Setting Yourself Up To Ace Your Phone Interview

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As if interviewing in-person isn't stressful enough, we often have to get through an initial phone interview when trying to land a job. Not only do you have to navigate the interviewer's questions, but you have to do so without the non-verbal cues and general vibes you get in-person. To help you get to the next round and land that job, here are some ways to set yourself up for success for your next phone interview.

Confirm the call
Twenty-four hours before your phone interview, send the person you'll be speaking with an email to confirm the time and details of the call. Be sure to include the time zone (ex. PST or EST) to avoid any scheduling confusion. If the call-in details aren't included in the invite, be sure to confirm who will be calling whom at what number. This may seem like a small thing, but given how busy people can get, it's better to double check that they're still available to speak, and that everyone has the correct details to make the call happen.

Find a quiet space
This might seem obvious, but you'd be surprised how many people try to take their phone interviews in their cars or in a seemingly chill coffee shop. Don't underestimate background music and traffic noise—you want to be sure that you and the interviewer can hear each other clearly. Use a pair of headphones with a built-in mic (like the standard white Apple ones) to cut down on ambient noise, and free up your hands to take notes (so you can remember what you talked about for your thank you email and later conversations). If you're calling in via a conference link, be sure you have strong, reliable wifi. Few things are more stressful than the interviewer breaking up while asking you an important question.

Pull up helpful materials
Take advantage of the fact that your interviewer can't see you, and pull up your resume, LinkedIn profile, and the job description on your computer so you can easily reference them during the call. Make whatever will be helpful to you visible—maybe it's a motivational message on a post-it, or a list of things you want to make sure you mention/ask. On the flip side, close out of any non-related tabs or programs and turn off notifications, so you're not distracted and not slowing down your wifi.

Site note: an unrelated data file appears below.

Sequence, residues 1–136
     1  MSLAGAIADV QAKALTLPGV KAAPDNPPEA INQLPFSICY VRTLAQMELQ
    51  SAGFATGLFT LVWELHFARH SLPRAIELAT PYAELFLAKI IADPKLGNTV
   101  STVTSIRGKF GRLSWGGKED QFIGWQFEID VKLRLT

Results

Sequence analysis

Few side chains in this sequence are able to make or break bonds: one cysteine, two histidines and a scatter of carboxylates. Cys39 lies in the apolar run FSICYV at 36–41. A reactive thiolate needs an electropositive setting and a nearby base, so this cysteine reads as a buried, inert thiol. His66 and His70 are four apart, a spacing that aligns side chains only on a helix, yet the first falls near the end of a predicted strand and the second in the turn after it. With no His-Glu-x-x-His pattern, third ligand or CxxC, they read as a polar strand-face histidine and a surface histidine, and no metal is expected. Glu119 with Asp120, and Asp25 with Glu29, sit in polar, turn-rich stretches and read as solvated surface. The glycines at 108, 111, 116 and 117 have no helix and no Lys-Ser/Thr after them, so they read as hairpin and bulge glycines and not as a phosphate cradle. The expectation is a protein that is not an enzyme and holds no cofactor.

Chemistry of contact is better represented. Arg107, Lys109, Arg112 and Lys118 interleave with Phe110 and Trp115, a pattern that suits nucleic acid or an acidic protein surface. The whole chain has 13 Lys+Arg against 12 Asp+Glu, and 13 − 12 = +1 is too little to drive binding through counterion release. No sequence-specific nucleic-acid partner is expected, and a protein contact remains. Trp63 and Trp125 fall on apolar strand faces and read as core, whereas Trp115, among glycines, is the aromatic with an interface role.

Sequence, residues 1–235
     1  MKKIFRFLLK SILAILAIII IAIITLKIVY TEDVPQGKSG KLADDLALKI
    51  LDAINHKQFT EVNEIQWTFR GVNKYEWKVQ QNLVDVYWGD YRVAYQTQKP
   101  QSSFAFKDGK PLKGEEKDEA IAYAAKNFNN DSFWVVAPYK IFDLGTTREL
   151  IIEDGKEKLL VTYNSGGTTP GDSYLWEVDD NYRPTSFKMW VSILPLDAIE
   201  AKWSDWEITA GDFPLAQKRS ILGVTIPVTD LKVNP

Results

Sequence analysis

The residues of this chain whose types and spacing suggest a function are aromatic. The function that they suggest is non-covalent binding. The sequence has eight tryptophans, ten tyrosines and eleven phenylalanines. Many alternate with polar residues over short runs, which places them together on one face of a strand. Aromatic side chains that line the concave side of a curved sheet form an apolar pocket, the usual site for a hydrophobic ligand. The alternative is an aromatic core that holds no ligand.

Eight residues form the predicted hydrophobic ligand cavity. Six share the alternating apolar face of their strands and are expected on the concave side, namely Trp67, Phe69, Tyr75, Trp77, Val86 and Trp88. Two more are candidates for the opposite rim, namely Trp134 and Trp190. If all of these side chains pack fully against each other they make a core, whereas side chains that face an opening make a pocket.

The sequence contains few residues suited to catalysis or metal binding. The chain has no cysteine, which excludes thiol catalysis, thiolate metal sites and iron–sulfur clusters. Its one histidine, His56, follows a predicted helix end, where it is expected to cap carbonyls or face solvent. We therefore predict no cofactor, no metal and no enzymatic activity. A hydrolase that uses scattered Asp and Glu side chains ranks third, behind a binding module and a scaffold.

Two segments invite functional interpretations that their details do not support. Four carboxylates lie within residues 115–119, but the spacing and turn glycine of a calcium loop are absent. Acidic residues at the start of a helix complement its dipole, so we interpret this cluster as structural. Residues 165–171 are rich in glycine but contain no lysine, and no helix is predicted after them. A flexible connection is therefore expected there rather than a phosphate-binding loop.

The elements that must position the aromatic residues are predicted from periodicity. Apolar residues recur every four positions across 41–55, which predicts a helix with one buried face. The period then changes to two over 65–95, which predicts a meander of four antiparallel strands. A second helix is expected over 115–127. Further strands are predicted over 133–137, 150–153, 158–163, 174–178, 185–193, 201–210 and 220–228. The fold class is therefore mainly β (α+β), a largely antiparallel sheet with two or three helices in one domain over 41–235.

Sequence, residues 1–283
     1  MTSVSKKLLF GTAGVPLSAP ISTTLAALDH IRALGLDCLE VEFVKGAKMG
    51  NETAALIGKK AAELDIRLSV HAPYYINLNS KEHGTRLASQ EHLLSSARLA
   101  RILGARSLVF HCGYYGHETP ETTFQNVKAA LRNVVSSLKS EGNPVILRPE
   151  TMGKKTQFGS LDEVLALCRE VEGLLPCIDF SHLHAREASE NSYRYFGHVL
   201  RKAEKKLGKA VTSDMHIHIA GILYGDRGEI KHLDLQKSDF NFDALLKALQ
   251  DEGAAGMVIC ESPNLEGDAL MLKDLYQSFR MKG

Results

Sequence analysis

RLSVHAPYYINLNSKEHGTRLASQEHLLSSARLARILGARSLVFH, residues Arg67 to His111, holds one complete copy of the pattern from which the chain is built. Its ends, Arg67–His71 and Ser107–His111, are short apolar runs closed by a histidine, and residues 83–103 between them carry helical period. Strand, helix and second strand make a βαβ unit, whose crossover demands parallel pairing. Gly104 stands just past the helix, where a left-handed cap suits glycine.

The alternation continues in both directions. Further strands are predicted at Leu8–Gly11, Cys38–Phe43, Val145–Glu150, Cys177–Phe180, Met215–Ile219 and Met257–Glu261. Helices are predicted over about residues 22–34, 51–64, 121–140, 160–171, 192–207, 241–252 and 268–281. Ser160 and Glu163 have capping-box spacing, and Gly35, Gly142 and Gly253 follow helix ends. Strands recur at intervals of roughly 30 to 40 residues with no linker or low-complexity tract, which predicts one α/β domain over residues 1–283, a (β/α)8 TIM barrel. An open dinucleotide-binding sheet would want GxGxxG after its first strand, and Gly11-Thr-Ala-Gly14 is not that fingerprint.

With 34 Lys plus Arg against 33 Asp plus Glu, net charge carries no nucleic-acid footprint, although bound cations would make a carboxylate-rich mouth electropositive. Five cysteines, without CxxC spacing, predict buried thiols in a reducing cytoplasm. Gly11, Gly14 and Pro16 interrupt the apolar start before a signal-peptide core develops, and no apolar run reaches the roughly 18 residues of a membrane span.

Image from    YoungerTV

Image from YoungerTV

Dress to impress
This might sound counterintuitive, because we just talked about how the interviewer can't see you. As tempting as doing your phone interview on your couch in your pajamas sounds, think about how "on" you have to be during an in-person interview, and simulate that same feeling during your phone interview. Wear something that makes you feel like a boss and take the call sitting at a desk or table. Sit up straight and smile when you talk—not in a fake way, but the way you would when talking in-person with someone you just met and are trying to get to know.

Take a sec
When we're on the phone, we feel pressure to keep talking, because silences are even more awkward when you can't see the other person. But this is yourinterview—don't be afraid to pause to collect your thoughts if it'll get you to your best answers. If you need a little extra time, just say, “That’s a great question, let me take a second to collect my thoughts.” Of course, there's a limit to how much time you can take before it does get weird, and hopefully your interview is more of a free-flowing conversation, but if you do find yourself needing more time, you'll know how to handle it.

You got this,
Natalie